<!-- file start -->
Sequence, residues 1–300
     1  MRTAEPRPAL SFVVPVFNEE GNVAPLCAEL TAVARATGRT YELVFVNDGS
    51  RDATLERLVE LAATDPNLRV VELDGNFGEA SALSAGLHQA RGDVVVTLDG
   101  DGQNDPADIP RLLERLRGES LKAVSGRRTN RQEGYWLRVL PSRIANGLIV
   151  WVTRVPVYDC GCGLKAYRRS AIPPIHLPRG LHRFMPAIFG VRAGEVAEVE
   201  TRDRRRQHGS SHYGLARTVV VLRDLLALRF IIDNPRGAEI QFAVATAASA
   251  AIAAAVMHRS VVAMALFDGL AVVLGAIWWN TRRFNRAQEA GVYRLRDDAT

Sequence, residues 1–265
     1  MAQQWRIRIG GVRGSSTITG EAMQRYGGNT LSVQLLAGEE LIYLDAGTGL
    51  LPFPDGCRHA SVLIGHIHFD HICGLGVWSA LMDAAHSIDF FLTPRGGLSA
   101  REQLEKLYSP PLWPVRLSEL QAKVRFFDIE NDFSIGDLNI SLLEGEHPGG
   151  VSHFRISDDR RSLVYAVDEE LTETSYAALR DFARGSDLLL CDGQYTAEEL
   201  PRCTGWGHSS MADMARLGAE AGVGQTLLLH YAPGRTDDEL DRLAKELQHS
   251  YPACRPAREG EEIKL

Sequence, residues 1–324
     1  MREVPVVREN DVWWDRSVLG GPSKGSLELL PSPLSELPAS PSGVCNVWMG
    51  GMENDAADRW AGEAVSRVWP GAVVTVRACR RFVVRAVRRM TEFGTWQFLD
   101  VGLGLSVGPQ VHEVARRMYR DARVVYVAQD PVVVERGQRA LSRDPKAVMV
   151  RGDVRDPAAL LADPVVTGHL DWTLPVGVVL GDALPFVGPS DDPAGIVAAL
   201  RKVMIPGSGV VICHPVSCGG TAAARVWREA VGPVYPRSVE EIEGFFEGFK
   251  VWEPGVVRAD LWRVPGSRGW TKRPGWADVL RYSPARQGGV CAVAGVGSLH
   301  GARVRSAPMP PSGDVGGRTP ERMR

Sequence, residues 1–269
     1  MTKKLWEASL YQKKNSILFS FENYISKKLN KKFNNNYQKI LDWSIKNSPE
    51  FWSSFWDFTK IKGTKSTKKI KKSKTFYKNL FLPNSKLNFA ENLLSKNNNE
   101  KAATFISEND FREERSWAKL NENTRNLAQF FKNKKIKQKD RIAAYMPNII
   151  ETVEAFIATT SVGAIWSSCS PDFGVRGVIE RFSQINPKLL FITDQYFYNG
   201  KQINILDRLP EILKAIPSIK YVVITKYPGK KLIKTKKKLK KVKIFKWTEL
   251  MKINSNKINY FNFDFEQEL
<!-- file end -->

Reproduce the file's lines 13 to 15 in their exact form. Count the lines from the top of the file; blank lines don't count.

   201  PRCTGWGHSS MADMARLGAE AGVGQTLLLH YAPGRTDDEL DRLAKELQHS
   251  YPACRPAREG EEIKL

Sequence, residues 1–324